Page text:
1982: Ron Robinson
Drawing up a long, successful career
In 1982, Washington won the Super Bowl, Michael Jackson released the bestselling album of all time, Thriller, and ET phoned home. That same year, Ron Robinson joined Alyeska as a drafter, creating drawings for key projects by hand. Forty years later, Ron can see the impact of his ink up and down the pipeline.
“Anytime I go through the gate at a facility, I see evidence of the work I did in the ’80s to beef up security at pump stations,” Ron reflected.
At the Tanana River Crossing, where most marvel at the suspension bridge that carries TAPS, Ron sees the security systems he drafted. When pipe settlement led to the milepost 200 re-route, Ron was there. That project added 404.7 feet to total pipeline length and required in-house drawings created just in time.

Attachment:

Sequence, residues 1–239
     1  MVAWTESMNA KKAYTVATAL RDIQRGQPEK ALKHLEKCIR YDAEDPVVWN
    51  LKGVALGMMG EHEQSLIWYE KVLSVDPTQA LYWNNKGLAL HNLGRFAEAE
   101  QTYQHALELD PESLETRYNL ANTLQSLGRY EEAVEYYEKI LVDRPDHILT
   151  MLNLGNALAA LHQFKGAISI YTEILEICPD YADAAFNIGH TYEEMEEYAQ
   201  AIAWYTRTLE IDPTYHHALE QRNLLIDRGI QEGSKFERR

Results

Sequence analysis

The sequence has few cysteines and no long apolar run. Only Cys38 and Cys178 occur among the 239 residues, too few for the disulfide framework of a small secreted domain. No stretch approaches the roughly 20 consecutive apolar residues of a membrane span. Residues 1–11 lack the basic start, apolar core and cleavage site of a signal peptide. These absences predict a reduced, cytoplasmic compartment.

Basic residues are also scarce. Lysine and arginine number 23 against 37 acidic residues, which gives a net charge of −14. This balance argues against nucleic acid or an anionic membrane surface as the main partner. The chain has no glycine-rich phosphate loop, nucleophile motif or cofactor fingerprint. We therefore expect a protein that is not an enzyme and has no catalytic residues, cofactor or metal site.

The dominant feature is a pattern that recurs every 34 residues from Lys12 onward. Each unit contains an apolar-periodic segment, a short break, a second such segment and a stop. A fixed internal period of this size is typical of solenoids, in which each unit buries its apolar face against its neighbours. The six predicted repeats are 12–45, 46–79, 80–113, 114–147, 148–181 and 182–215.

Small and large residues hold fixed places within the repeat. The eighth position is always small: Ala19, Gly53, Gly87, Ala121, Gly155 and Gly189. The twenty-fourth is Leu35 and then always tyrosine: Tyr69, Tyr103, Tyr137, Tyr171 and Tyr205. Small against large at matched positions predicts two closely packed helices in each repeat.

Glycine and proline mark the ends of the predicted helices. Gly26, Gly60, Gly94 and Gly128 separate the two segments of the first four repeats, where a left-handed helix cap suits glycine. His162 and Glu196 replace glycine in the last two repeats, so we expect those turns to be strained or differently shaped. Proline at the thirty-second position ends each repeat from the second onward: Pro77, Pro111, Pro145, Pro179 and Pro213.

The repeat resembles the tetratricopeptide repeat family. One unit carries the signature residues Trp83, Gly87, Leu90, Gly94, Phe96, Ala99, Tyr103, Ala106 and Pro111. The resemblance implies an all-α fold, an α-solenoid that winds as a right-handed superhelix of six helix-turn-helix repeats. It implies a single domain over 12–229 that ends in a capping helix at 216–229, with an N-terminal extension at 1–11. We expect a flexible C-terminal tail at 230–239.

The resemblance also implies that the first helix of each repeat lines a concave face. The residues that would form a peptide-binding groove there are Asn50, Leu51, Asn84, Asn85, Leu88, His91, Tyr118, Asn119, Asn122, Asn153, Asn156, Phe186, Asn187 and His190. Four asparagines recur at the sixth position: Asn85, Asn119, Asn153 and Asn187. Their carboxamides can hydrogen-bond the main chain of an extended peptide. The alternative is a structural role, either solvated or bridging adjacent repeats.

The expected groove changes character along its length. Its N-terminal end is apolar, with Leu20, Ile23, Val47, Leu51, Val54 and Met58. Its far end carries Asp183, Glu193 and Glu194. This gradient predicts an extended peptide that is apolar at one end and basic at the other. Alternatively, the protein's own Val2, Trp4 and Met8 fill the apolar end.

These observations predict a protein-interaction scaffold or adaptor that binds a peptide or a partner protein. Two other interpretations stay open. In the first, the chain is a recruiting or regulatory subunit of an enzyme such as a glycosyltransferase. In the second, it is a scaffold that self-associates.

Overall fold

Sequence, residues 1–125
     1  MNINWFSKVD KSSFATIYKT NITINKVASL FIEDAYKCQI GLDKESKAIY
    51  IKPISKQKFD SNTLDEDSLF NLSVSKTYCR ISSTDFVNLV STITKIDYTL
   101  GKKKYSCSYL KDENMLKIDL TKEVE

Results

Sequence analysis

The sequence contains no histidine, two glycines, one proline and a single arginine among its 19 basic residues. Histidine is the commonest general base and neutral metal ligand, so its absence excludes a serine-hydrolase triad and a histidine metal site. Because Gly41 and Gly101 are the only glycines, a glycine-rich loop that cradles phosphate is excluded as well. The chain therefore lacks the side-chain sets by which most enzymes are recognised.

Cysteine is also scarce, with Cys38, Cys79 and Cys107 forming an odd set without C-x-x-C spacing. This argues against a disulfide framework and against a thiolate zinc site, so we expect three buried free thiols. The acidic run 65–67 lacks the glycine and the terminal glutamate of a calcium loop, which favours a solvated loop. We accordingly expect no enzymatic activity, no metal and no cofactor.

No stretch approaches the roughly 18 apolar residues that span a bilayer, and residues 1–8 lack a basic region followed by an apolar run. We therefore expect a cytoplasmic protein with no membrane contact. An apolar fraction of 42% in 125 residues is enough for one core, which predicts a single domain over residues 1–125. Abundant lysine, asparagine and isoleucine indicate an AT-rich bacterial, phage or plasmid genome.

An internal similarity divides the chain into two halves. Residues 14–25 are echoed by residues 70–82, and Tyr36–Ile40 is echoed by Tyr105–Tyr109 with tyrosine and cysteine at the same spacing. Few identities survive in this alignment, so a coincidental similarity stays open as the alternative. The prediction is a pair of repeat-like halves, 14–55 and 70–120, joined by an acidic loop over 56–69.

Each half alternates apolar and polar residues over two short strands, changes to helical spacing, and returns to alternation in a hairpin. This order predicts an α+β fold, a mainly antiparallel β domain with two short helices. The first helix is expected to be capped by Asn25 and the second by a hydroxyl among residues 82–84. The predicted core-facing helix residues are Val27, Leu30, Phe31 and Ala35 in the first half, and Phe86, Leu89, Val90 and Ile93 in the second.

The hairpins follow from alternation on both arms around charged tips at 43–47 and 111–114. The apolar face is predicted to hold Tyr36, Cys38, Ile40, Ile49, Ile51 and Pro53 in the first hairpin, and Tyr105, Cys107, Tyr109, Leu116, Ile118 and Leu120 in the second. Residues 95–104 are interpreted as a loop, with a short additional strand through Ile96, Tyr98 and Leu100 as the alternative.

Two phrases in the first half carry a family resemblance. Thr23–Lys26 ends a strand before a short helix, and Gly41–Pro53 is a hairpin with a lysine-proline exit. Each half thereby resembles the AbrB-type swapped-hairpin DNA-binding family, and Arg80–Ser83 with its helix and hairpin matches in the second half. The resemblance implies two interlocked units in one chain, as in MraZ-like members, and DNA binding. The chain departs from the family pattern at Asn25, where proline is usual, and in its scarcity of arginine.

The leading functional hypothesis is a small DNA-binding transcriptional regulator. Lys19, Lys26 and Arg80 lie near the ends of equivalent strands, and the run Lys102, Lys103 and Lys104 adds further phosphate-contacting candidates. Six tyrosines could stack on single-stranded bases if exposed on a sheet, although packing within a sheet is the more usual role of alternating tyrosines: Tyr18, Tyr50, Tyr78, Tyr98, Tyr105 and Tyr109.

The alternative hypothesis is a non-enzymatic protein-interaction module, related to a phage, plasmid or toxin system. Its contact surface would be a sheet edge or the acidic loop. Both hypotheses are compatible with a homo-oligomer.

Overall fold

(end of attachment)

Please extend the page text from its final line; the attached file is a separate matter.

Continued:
He said, “We were creating drawings and handing them over so they could go do the work.”
Some of Ron’s strongest memories are of the TAPS people and culture. Always quick to volunteer, he joined in countless United Way campaigns, raising money with fun and games like the Oilympics athletic competitions between Alyeska and the oil companies. Scores of Russian Jack Elementary students counted on Ron as their weekly reading buddy over the years. And he was a regular in the company basketball league where “urban” and “field” teams battled it out for the medal.
Retiring in July 2022, Ron cares about the future of the TAPS workforce and is taking steps to pass on what he knows.
“People have always retired and, while it seems like we are losing brain power, Alyeska has reloaded, time after time — we bring in more thinkers,” he said. “It has been my mission to give my colleagues as much as I can so they can be successful.”
Ron’s best advice was given to him early in his career. “In Alaska, other projects come and go. They have allure that draws people away.” But TAPS endures. “So you want to ‘stay with the pipe.’ It’s a great place. Stay with the pipe.”